Critics of speed limits like to point to speed limit-free German autobahns as being very safe, which is far from the truth because deregulated stretches there are often punctuated by speed limits, which can vary depending on traffic conditions or weather conditions.
Which brings us to the infamous case of Mercedes-Benz test driver Rolf Fischer. His colleagues at Daimler nicknamed him Turbo Rolf because of the way he drives.
In 2003, Turbo Rolf was driving a Mercedes-Benz CL 600 at 230 km/h when he tailgated a Kia, driven at 150 km/h by a 21-year old woman travelling with her 2-year old daughter.
Turbo Rolf came up too fast and got too close to the Kia, which then jinked to the left and to the right before crashing, killing all occupants.
Rolf tried to evade the authorities by giving false testimonies but it wasn’t very hard to track down a CL 600. Eventually he was caught and was jailed (just) 18 months. He was fired from Daimler and after that no car company wanted to hire him.
In 2010, another Mercedes-Benz test driver in a prototype M-Class was involved in a fatal collision when he was driving at night at 170 km/h.
A Mazda had crashed further ahead and two other drivers had already stop their cars to help the victim. They had put on emergency flashers and wore reflective vests – as required by German laws - before proceeding to assist the driver of the Mazda.
The Mercedes-Benz test driver was driving too fast to notice situation ahead and crashed into the Mazda, killing the driver. The other two drivers who had stopped to help narrowly survived by jumping over the guard rail.
The German police say the Mercedes-Benz driver had visibility of the accident at least 500 metres away, more than sufficient to respond if he was driving slower. He was given a suspended sentence and his driving license was revoked, which also means that he lost his job as a test driver.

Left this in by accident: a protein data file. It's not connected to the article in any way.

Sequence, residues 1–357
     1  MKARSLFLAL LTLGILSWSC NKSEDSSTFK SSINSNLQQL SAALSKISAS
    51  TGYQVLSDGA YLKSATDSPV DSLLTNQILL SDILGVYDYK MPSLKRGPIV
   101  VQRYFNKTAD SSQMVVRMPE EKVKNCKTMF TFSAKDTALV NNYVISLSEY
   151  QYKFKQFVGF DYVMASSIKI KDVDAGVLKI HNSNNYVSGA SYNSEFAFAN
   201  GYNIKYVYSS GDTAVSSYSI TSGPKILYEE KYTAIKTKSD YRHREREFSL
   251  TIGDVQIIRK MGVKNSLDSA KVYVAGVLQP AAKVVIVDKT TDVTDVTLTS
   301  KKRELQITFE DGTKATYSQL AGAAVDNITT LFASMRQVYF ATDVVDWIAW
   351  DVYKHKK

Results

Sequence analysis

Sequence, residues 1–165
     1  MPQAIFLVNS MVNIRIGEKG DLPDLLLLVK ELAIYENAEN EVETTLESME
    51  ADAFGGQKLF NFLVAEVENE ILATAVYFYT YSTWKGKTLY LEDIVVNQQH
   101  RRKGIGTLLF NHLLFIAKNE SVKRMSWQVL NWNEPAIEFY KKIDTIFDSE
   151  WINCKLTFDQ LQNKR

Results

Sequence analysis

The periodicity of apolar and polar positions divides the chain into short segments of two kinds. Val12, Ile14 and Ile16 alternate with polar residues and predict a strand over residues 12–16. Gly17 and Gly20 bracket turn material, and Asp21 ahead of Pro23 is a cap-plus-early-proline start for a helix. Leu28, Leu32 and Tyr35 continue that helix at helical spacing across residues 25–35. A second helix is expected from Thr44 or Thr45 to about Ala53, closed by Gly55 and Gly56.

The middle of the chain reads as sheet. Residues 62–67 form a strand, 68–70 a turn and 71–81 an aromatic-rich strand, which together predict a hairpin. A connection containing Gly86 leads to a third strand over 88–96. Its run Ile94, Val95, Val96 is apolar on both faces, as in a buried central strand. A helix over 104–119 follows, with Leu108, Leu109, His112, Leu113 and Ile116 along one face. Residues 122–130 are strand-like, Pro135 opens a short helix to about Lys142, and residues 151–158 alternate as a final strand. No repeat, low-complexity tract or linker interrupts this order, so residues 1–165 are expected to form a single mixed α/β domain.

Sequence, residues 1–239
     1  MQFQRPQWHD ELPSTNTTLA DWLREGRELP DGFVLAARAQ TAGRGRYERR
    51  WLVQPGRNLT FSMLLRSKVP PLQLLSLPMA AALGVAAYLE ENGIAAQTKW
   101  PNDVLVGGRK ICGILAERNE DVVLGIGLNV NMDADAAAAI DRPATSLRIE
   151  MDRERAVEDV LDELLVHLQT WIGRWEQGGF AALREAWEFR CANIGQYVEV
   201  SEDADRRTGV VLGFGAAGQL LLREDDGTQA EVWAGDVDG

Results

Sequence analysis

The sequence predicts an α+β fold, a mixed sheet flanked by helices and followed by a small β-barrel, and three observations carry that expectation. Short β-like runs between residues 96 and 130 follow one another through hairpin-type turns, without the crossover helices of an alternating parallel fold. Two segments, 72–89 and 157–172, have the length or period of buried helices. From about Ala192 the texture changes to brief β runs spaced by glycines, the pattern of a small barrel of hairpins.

It should be noted that even on deregulated stretches of the autobahn, the recommended driving speed on deregulated stretches is 130 km/h. Drivers are allowed to go above that but should an accident occur, even if it's clearly the other party's fault, they will be held liable, at least partially. That last part is often left out by proponents of the German approach.
Volvo says there’s no reason for anyone to drive over 180 km/h on public roads, and they are right but to Western ideals, this ‘telling me what to do’ is a negative.
Personally, I am not confident of doing 180 km/h on our highways. I don't trust myself at 180 km/h, not when I am surrounded by idiots but if you do, hats off to you.
Among the cars I’ve driven are the 500 PS Porsche 911 GT3 in Sepang and the 585 PS Mercedes-AMG GT R in Bilster Berg circuit in Germany, the latter was done under the tutelage of ex-DTM driver Bernd Schneider.
I have been trained by BMW instructors to handle various high powered M cars, and by Porsche instructors to handle mid-engine, rear-engine and front-engine cars.
However all the instructors told me in very polite words that essentially mean “You suck so bad, please don't ever play race car driver but with what we’ve thought you so far, hopefully you will suck a little less.”
So I listened and watch my speed. I don't always follow the speed limit but neither do I go anywhere near 180 km/h.
Speed alone is not the problem. Overestimating one’s ability is just as dangerous. Many drivers don’t even understand the basics of correct sitting position and visual distance vs speed but these are the same people asking for higher speed limits.
I genuinely believe some of my more talented peers should be given greater freedom to drive faster. I feel safer with them at 120 km/h than other slow pokes at 60 km/h. The problem is who is judging and by whose standards? Remember Turbo Rolf’s case?
Which brings the debate back to a full circle, hence why strict regulations are necessary. Volvo’s announcement means absolutely nothing to the market place, but it is triggering discussions like this, which is exactly what their objective is. Well done Volvo Car Group.